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Sunday, Feb. 25, 2024
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Trying to live like a prophet

Muslims refrain from eating, drinking, smoking, sex for Ramadan

The alarm clock on Samii Khalidi's nightstand buzzes several hours earlier than normal. As a practicing Muslim, Khalidi awakes to eat before dawn, in observance of the Islamic month of Ramadan.

Ramadan is the ninth month of the Islamic lunar calendar and the third of the five Islamic pillars of faith. During Ramadan, Khalidi, along with Muslims throughout the world, refrains from eating, drinking, smoking, speaking negatively of others or engaging in sexual activities while the sun is up.

"The reason we observe Ramadan is that we believe it was during this time that the prophet Muhammad received the Quran," said Khalidi. Because it is one of the five pillars of Islam, participation in Ramadan is obligatory for all Muslims.

According to the Quran, during the time of Ramadan, "One may eat and drink at any time during the night, until you can plainly distinguish a white thread from a black thread by daylight; then keep the fast until night."

Khalidi's daily routine varies greatly during the month of Ramadan.

"In addition to waking up super-early, your diet and schedule completely changes," she said. "You pay much more attention to the time of sunrise and sunset, and you have to avoid temptation. In the morning, I tend to eat oatmeal, because it keeps me warm and is filling. It's really purifying because instead of eating or drinking, I must find other ways to occupy my time, such as studying or spending time with family."

At sundown, many Muslims gather to break fast together in a small meal called iftar, which usually consists of dates and water, and is followed by evening prayers. In addition to the five daily prayers, Muslims recite a special prayer called the Taraweeh prayer (Night Prayer) during Ramadan that is much longer than daily prayers.

"Fasting is a time to reflect on your spirituality and work on self-discipline, it's not just about refraining from eating," Khalidi said. "The first couple of days are really hard, but an important thing about Ramadan is that we try not to complain, or else it ruins the spiritual contemplation."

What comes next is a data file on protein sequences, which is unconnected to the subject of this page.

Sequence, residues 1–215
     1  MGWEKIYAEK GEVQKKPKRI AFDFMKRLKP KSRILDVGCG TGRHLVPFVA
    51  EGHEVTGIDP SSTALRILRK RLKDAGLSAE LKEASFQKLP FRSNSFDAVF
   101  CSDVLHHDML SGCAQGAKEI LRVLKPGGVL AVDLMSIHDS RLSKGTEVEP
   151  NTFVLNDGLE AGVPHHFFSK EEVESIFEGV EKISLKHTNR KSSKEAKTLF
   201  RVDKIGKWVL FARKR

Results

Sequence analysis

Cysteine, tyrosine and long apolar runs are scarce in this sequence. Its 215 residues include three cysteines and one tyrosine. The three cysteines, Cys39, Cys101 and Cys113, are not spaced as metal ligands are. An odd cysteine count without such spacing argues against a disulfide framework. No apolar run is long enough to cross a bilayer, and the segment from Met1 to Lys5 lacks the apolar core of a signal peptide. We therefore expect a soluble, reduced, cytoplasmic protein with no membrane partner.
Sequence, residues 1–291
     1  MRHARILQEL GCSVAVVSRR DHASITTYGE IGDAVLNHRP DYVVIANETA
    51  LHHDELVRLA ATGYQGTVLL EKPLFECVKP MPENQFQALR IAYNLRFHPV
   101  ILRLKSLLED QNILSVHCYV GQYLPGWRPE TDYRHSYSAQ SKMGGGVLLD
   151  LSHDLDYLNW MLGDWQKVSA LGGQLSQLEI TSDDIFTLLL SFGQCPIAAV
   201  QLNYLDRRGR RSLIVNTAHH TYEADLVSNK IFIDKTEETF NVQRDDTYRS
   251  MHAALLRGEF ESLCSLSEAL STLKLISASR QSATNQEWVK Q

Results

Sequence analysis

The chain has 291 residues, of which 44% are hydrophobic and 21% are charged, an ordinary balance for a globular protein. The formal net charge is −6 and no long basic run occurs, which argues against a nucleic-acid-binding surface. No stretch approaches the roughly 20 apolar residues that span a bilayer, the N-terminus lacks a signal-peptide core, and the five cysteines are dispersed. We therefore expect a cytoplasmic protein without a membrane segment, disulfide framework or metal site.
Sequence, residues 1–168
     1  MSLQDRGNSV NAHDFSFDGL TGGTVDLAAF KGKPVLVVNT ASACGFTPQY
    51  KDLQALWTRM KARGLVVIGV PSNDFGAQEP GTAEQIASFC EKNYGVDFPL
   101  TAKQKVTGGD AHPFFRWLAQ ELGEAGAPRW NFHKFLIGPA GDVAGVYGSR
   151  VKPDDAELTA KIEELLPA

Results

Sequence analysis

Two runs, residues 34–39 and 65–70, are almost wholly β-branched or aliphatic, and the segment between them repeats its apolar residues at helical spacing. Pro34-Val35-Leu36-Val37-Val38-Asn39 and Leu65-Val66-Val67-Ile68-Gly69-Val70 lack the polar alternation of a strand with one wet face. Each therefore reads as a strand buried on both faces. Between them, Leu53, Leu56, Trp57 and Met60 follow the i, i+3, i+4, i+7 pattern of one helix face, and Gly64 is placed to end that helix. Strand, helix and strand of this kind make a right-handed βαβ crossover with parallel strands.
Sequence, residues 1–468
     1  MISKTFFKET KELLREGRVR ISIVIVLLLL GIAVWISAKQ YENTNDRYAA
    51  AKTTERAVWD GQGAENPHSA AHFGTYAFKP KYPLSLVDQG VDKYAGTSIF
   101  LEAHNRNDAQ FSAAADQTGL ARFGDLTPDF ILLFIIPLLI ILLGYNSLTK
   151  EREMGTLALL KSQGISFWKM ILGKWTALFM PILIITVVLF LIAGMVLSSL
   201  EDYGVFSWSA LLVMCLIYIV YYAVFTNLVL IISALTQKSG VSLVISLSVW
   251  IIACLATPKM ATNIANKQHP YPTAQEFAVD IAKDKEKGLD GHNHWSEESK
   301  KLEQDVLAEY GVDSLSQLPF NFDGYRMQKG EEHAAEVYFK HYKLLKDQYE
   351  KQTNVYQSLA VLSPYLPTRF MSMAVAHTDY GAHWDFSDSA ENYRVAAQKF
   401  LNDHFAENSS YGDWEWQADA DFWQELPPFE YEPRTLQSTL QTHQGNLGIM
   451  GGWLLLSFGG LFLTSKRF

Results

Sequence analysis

Mokerrum Malik, a native of Pakistan, agreed.

"Ramadan is especially hard unless you have a support system. This is my first Ramadan away from home, and I already miss my mother's traditional cooking," Malik said. "I go to the Muslim Student Association to have a support system. We pray together every Friday."

In fact, the word Ramadan is derived from the Arabic word ramida or ar-ramad, denoting intense scorching heat and dryness, especially representing the heating sensation in the stomach as a result of thirst. Others say that the word Ramadan represents the scorching of sins by good deeds. Ramadan is dictated by rules that discourage negative behaviors.

"The rules are very strict," Malik said. "All Muslims must observe this month, except people who are very ill, elderly, young children or pregnant women. You're supposed to be clean before fasting, and if you bleed or speak ghayrbah [badly about others] it's considered to be breaking the fast, even if it was an accident."

Khalidi said there are consequences for breaking the fast.

"If a Muslim breaks fast, they are supposed to fast for another day after the end of Ramadan to atone," she said.

On Oct. 27, the start of Ramadan, Muslims celebrated the Laylat al-Qadr (the Night of Power). It is believed that on this night, Muhammad first received the revelation of the Quran and that God determines the course of the world for the following year. When the fast ends (the first day of the month of Shawwal), a three-day celebration called Eid al-Fitr (the Feast of Fast Breaking) occurs. Gifts are exchanged between family members and friends, and Muslims gather at mosques to pray in congregation and to partake in large meals of traditional food. This year, Eid al-Fitr will be Tuesday, Nov. 25.

"Ramadan is my favorite time of the year because we are trying to train ourselves to be better people throughout the entire year," Malik said. "It's like running a marathon - it's really hard to do, but in the end, you will be a better person for having the self-discipline to complete it"

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